When push comes to shove…

…it turns out that I’m not as much of a believer in natural health as I thought I was.

Having had to stop taking my other MS medication because it dropped my white blood cells to nearly as low as my husband’s on chemo, it’s been time to pick another medication. I put it off as long as I could but my neurologist finally told me I had to pick one. I chose one of the oldest ones, one that requires injecting myself, because it had the least risk of causing infections that could get my husband sick.

If you’ve been reading me long enough, you know how much I agonized over taking the last one. I really only did it because I thought it might hurt my case for disability if I wasn’t taking any disease-modifying therapies (or DMTs.) Many of the drugs have more risks than the disease itself and can even kill you.

My baseline assumption was then (and still is) that my particular case of MS is pretty stable. I can still walk without assistance. My biggest threat to my mobility is my damned plantar fasciitis, which has nothing to do with MS.

I haven’t had a relapse since 2017, which is a sign that my disease is stable. My MRI confirms the same. I have no lesions at all on my spine, which is probably why I’m still mobile.

It’s easy to convince myself that I don’t need the drugs. After all, they’re not a cure. They’re just supposed to reduce the number of relapses and slow down the progression of disability. The way they determine if one of the DMTs is “working” is if you don’t have relapses…which I don’t, even when I’m not on the drugs. The conspiracy-prone part of me thinks the drugs might even make people worse. They know for sure that some of them do.

But in talking with my therapist about how to decide if I should take another drug, she asked what the alternatives would be if I went the natural route. And I already know: I would have to follow a strict diet with no cheating, which includes giving up sugar, gluten, and dairy. I’d also have to exercise about every day and commit to a daily meditation habit.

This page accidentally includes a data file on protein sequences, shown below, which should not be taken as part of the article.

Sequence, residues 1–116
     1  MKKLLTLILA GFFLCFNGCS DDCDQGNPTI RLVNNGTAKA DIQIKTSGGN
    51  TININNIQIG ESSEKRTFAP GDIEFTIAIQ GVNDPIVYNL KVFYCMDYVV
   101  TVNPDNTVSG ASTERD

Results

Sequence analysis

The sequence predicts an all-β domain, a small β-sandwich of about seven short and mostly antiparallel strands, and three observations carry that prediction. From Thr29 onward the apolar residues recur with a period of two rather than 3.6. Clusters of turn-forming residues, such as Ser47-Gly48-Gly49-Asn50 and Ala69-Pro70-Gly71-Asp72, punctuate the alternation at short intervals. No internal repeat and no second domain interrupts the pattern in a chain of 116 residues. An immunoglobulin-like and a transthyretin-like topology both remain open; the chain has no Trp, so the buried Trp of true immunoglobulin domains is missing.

I could do those things. After all, I no longer drink milk (except half & half in my coffee) and use soy milk instead. I did give up all sugar until Halloween and plan to go back to that habit again after Christmas. My husband was gluten-free for 10 years and I know how to do that.

But the things I can’t give up are cream in my coffee (I don’t like the non-dairy alternatives) and cheese. When it comes down to it, going the natural route means it’s a full-time job in terms of commitment. I’d never be able to eat in a restaurant again, even the vegan ones, because many of these diets for MS also tell you to give up soy.

In short, my choices are to inject myself (which terrifies me, not gonna lie) with MS drugs or to limit my quality of life significantly. And I decided that I’d rather get to have cream in my coffee and a dessert on my birthday than to avoid the drugs.

Suddenly, it was so clear what my decision was. I guess I do (tentatively and reluctantly) believe in modern medicine more than I desire to make the extreme lifestyle changes to avoid it.

1 Comment

  1. skinnyhobbit says:

    I think quality of life is an important value for some people, and they shouldn’t be ashamed about it. ❤


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